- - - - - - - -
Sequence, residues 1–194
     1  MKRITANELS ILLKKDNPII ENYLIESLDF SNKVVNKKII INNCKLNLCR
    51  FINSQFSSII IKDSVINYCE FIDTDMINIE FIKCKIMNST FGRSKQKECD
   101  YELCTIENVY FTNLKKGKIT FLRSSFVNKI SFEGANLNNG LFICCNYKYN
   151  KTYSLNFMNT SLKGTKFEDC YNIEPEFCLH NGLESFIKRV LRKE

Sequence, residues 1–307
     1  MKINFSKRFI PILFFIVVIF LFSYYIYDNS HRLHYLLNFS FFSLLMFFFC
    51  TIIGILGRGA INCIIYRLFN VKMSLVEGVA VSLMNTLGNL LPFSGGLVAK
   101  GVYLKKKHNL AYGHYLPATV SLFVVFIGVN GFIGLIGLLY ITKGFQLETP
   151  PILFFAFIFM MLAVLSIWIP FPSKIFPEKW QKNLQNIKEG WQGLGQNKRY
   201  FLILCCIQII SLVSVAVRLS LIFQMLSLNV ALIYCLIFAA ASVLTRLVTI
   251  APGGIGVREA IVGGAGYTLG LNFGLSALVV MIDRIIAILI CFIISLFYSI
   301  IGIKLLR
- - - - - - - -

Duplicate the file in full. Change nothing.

Sequence, residues 1–194
     1  MKRITANELS ILLKKDNPII ENYLIESLDF SNKVVNKKII INNCKLNLCR
    51  FINSQFSSII IKDSVINYCE FIDTDMINIE FIKCKIMNST FGRSKQKECD
   101  YELCTIENVY FTNLKKGKIT FLRSSFVNKI SFEGANLNNG LFICCNYKYN
   151  KTYSLNFMNT SLKGTKFEDC YNIEPEFCLH NGLESFIKRV LRKE

Sequence, residues 1–307
     1  MKINFSKRFI PILFFIVVIF LFSYYIYDNS HRLHYLLNFS FFSLLMFFFC
    51  TIIGILGRGA INCIIYRLFN VKMSLVEGVA VSLMNTLGNL LPFSGGLVAK
   101  GVYLKKKHNL AYGHYLPATV SLFVVFIGVN GFIGLIGLLY ITKGFQLETP
   151  PILFFAFIFM MLAVLSIWIP FPSKIFPEKW QKNLQNIKEG WQGLGQNKRY
   201  FLILCCIQII SLVSVAVRLS LIFQMLSLNV ALIYCLIFAA ASVLTRLVTI
   251  APGGIGVREA IVGGAGYTLG LNFGLSALVV MIDRIIAILI CFIISLFYSI
   301  IGIKLLR